Grief can feel all-consuming, as though you are being buried alive. People have also observed that bad things tend to happen in clusters. You may be grieving the loss of your partner, when the furnace breaks followed by your hard drive crashing. It can feel like the Universe is pig-piling on, leading to feelings of anxiety and overwhelm.
This was certainly my experience following my divorce. In addition to the financial, emotional and social adjustments that consumed my time and energy, things started to break resulting in costly repairs, which fueled my financial concerns. Then my dad got diagnosed with lung cancer that had metastasized. This would be a horrible blow at any time, but it felt particularly devastating at a time when I felt unable to absorb any more sadness, or face losing anyone else.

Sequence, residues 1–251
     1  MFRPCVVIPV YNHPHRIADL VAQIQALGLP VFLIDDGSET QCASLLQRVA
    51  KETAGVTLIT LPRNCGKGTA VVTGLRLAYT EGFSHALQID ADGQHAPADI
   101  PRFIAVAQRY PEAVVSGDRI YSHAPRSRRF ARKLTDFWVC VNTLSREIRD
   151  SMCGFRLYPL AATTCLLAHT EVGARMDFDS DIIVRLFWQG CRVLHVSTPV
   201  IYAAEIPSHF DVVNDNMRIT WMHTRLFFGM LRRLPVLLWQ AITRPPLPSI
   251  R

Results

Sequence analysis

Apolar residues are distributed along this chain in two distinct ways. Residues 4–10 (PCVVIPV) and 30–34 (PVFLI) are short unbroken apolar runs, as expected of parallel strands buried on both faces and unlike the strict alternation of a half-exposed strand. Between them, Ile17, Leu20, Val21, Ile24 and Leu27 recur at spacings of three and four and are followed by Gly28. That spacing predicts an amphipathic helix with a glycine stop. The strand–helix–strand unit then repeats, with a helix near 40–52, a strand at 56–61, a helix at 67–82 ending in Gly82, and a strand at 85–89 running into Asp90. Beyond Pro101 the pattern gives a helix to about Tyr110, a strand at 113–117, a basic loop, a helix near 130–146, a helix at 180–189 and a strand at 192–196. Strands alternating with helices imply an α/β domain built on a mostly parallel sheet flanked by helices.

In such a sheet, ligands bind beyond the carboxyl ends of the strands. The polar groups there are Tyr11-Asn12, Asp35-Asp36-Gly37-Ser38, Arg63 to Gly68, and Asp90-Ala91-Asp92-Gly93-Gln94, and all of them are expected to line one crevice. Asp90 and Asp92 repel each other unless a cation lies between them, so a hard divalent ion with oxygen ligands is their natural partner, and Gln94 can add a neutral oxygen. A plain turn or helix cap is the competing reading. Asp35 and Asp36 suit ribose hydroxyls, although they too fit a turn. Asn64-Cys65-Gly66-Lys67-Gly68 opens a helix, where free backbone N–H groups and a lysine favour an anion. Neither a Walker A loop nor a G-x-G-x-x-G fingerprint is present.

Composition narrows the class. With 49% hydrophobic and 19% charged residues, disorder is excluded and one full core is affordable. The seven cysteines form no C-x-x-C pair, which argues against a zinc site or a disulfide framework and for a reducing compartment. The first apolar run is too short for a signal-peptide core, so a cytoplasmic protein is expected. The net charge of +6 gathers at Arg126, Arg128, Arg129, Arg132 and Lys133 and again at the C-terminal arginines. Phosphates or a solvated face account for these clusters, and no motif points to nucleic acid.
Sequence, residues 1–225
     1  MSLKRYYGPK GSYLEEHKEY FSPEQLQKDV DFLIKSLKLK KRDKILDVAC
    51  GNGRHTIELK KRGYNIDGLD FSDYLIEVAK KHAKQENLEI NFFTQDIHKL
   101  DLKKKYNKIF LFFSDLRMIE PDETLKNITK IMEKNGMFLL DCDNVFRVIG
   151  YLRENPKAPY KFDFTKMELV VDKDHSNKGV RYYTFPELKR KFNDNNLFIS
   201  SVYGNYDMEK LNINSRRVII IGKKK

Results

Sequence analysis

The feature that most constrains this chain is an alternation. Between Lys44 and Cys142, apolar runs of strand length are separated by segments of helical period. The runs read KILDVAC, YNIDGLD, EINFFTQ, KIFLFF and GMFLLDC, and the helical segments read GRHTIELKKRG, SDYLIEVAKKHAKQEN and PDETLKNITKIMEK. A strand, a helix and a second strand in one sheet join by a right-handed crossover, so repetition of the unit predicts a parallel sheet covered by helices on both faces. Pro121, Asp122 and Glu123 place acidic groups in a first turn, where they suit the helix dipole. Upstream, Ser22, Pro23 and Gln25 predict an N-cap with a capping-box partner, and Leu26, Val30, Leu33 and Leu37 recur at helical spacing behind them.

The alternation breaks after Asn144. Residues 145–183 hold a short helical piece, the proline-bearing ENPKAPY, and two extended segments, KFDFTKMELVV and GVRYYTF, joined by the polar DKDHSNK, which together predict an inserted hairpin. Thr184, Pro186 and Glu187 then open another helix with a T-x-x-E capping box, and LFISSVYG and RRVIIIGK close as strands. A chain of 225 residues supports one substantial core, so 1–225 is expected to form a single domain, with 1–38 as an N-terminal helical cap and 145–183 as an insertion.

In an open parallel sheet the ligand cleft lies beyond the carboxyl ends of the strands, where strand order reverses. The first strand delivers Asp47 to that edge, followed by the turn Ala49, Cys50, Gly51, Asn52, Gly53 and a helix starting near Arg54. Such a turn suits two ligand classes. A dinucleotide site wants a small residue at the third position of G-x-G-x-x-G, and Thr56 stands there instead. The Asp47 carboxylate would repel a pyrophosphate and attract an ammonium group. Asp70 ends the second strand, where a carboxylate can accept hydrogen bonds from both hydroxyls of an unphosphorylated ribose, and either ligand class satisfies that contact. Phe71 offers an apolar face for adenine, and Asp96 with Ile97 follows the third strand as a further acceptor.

People are able to survive natural disasters such as mudslides or avalanches when they make an air pocket which allows them to breathe. This buys them precious time while they await their rescue.
How can you employ this survival tactic to create an emotional air pocket that will allow you the space to breathe as you wait for healing?
Know What You Can and Cannot Control
Consider the following.
- Separate the challenges you are dealing with into two groups – those you can control such as repairs and finances, and those you cannot, such as losing a loved one(s). For each item that you can control, give it your attention and devise an action plan to address it, thereby creating more space.
- For the challenges that you cannot control, accept that they will need to occupy some space. However, become intentional about identifying aspects of your life that are working well that also inhabit your space. These could be your personal friendships, your job, or your health. How can you foster these areas in order to counterbalance the areas that aren’t so good?
In managing what you can control, accepting what you can’t, and nourishing what is hopeful and positive, you create an air pocket through which you can breathe and reduce anxiety.
What are two to three small action steps you can take right now to manage, accept and nourish what is present in your life?